Posts Tagged ‘Google’

by Matt Hickman

World Toilet Day, an annual United Nations-sanctioned day of observance drawing attention to the 2.4 billion people around the world without access to clean and safe sanitation, dropped this past weekend in typically splashy fashion: a Coldplay and Jay-Z concert, the unveiling of a Gates Foundation poop smell-blocking perfume and enough well-meaning potty puns to last well into the new year.

While World Toilet Day is global in scope, much of the awareness-raising, activism-inspiring action this year — aforementioned Coldplay and Jay-Z concert included — was centered around India, a country where an estimated 70 percent of households in both rural and urban areas don’t enjoy the luxury of having a functioning commode. For a majority of India’s 1.2 billion citizens, defecating and urinating in the open is the norm.

Similar to other developing nations, cellphones are far more prevalent than toilets in India. As backwards as this may seem to Westerners, it’s a reality for millions of Indian households. According to a 2012 census, 60 percent of Indian households surveyed have one or more mobile devices while only 36.4 percent of households have a toilet.

Given these statistics, a new partnership between Google and India’s Ministry of Urban Development (MoUD) seems like a match in clean sanitation heaven: the introduction of a Google Maps tool that points users in the direction of toilets that are clean, safe and open for public use. As reported by the International Business Times India, the toilet-finder tool is due to launch this month in Delhi, India’s second most populous city, before potentially becoming available in other major population cities, although the timeline is unclear.

How the app works

Of course, the tool, dubbed Google Toilet Locator, won’t solve India’s underlying toilet shortage problem or reverse cultural attitudes regarding al fresco urination. However, it does help on-the-go Delhi residents more easily find somewhere to go if need be. While we’ve written about urban toilet-finder apps in the past, those have been more or less spurred by convenience (and excessive drinking). Google Toilet Locator, piloted in a city of 25 million where public toilets are far and few between, is more driven by necessity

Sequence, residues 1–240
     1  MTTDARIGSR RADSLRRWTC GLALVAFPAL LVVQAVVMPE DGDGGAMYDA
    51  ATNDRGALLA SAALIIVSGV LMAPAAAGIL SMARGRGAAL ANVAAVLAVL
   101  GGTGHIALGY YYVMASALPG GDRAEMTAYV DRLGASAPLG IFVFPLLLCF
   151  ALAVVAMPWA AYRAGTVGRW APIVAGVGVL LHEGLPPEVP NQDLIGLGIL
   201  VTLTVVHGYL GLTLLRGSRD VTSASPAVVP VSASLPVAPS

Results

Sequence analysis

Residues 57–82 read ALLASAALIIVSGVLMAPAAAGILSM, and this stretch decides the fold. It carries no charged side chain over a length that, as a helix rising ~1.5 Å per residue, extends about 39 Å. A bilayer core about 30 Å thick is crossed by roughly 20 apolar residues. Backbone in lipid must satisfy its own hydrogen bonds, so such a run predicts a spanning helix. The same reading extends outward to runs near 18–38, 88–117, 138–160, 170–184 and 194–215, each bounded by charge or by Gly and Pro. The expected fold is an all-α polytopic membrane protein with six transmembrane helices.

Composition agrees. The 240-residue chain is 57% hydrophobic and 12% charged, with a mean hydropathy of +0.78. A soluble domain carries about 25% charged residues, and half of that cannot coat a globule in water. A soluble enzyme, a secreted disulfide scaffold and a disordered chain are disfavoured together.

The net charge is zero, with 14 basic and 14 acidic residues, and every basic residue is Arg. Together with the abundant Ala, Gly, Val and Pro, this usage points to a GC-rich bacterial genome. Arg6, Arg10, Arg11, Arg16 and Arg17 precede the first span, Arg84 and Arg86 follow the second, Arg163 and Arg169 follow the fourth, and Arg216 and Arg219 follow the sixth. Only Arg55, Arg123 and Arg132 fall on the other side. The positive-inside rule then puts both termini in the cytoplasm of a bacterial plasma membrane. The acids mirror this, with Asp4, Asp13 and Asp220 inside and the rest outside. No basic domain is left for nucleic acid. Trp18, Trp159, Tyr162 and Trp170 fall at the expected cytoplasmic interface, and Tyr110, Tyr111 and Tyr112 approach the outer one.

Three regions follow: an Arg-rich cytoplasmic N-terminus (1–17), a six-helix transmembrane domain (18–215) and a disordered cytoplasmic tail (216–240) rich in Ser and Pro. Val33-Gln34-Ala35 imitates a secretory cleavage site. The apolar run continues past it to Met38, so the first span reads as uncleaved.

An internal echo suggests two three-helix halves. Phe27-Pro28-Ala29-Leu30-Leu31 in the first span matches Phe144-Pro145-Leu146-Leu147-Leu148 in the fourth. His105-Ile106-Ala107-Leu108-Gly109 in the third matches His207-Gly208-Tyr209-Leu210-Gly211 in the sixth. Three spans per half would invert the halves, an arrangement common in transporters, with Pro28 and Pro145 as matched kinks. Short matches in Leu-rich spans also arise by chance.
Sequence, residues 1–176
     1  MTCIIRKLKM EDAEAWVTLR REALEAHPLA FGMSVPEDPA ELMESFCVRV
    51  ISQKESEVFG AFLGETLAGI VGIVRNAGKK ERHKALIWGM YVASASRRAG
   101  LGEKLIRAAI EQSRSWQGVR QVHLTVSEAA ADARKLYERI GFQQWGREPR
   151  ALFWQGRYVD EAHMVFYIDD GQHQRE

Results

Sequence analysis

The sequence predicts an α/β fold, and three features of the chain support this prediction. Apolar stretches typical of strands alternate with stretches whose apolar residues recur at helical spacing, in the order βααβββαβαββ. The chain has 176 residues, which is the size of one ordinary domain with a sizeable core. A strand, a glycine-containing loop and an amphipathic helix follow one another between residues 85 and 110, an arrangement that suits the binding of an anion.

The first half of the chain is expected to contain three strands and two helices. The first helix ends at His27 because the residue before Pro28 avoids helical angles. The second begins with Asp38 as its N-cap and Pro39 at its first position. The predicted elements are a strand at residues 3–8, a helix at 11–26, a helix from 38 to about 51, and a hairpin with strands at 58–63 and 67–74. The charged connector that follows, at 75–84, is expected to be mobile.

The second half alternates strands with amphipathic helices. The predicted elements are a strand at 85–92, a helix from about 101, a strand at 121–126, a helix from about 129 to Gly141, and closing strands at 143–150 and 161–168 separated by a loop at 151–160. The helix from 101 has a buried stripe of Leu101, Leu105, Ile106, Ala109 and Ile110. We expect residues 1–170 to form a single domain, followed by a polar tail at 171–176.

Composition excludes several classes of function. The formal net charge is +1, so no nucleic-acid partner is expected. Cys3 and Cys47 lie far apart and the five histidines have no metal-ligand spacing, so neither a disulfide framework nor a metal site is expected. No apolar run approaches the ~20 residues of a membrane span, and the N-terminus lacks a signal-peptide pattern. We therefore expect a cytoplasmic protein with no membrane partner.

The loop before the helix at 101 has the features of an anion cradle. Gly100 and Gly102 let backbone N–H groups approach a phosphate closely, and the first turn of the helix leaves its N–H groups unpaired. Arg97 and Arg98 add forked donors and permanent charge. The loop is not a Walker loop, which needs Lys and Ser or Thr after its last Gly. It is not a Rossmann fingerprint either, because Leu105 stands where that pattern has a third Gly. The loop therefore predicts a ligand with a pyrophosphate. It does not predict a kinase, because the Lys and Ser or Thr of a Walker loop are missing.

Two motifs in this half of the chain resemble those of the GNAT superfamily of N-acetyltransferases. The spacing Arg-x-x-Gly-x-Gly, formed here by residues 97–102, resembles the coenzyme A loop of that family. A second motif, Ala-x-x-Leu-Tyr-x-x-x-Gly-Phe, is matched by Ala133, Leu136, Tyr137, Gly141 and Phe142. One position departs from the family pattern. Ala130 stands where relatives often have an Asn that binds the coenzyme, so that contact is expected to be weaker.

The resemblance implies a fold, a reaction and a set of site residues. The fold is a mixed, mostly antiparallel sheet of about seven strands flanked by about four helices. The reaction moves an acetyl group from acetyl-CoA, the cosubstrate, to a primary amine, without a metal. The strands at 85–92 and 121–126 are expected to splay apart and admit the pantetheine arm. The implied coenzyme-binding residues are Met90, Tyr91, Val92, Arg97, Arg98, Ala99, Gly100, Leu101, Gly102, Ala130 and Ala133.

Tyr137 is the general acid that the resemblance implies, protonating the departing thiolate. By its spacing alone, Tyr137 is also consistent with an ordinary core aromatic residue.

An unnamed official with the MoUD explains to the IBTimes India that the Google Toilet Locator will pull up all known public lavatories — sulabh shauchalays — across the National Capital Region along with harder-to-find loos located inside of shopping malls, gas stations, hospitals, etc. Listing both deluxe flush situations and standard no-frills squat options, the tool itself is integrated into Google Maps. Mobile users simply must open the app and enter one of numerous keywords in English or Hindi — “toilet,” “restroom,” “lavatory,” “swachhata,” “shauchalay,” etc. — and they’ll be directed to the nearest option based on their location.

Just like a restaurant or retail establishment, Delhi residents — and visitors — can use Google Toilet Locator to rate and comment on specific public restrooms, either providing a glowing recommendation or warning others to stay away.

Explains an official with the MoUD: “The system being put in place relies heavily on crowdsourcing, with people’s feedback helping fuel it. Therefore, if a person finds that a toilet is not clean, he or she can give it a bad review or rating, the facility for which is available on Google Maps.”

Considering that many Delhi residents who will be potentially using the app don’t have a toilet of their own at home, knowing if a public restroom is clean — or even open — is all the more important. Foreign tourists aside, for a large majority of folks using Google Toilet Locator, there isn’t the option of “holding it until I get home.”

Google Toilet Locator is just one of many events and initiatives launched in conjunction with World Toilet Day, which as is tradition, boasts an annual theme. This year, in order to spotlight the oft-overlooked link between economic livelihoods and sanitation, the theme is “Toilets and Jobs.”

For most, the topic of toilets and jobs usual revolves around ill-timed toilet paper shortages, privacy peccadilloes, rude noises or knowing to avoid the men’s room for at least 15 minutes after Ron from accounting goes in. For others, the workplace — and perhaps home, as well — might completely lack a clean, safe bathroom option. Poor sanitation has a direct link to economic well-being — that is, things like absenteeism, exhaustion and decreased productivity rise when employees don’t have access to a toilet at work or at home. In addition to impacting performance, the illnesses associated with poor sanitation keep workers off the job, sometimes temporarily and sometimes for good.

As the World Toilet Day website stresses, providing women with adequate and private bathroom facilities is of particular importance in developing areas.

And because it just wouldn’t be World Toilet Day without a video featuring dancing animated poos, here’s this year’s offering, which in keeping with the jobs theme, also features a variety of hard-working, life-saving “professional” toilets.

http://www.theverge.com/2016/11/16/13651882/google-maps-toilet-locator-india

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by Jeremy Kahn

Google’s DeepMind AI unit, which earlier this year achieved a breakthrough in computer intelligence by creating software that beat the world’s best human player at the strategy game Go, is turning its attention to the sci-fi video game Starcraft II.

The company said it had reached a deal with Blizzard Entertainment Inc., the Irvine, California-based division of Activision Blizzard, which makes the Starcraft game series, to create an interface to let artificial intelligence researchers connect machine-learning software to the game.

London-based DeepMind, which Google purchased in 2014, has not said it has created software that can play Starcraft expertly — at least not yet. “We’re still a long way from being able to challenge a professional human player,” DeepMind research scientist Oriol Vinyals said in a blog post Friday. But the company’s announcement shows it’s looking seriously at Starcraft as a candidate for a breakthrough in machine intelligence.